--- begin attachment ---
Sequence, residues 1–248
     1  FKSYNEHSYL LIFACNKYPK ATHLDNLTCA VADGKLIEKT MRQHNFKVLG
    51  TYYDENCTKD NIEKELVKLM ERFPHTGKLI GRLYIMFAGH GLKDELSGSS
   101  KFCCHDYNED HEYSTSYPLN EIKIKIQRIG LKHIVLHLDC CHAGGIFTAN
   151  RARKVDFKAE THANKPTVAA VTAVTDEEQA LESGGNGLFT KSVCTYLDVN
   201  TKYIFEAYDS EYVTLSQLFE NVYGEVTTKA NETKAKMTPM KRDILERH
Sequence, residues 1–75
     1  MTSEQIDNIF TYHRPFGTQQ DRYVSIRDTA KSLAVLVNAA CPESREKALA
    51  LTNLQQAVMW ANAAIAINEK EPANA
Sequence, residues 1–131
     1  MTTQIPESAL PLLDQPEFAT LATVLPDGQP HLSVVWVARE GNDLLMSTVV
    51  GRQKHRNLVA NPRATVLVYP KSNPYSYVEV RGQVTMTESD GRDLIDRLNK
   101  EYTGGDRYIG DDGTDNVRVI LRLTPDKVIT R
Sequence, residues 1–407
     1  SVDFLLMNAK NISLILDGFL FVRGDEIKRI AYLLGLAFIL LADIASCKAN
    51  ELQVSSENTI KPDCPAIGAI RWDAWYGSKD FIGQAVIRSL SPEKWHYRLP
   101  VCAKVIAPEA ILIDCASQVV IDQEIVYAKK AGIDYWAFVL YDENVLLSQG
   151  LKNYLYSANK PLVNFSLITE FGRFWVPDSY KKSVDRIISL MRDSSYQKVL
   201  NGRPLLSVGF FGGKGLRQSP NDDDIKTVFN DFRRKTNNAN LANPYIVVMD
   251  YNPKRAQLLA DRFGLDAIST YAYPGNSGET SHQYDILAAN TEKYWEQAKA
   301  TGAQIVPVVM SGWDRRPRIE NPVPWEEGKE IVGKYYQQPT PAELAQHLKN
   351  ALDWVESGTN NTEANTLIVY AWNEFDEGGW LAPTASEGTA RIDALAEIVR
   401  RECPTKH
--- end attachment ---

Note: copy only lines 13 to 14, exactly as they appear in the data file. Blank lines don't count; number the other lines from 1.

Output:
   101  EYTGGDRYIG DDGTDNVRVI LRLTPDKVIT R
Sequence, residues 1–407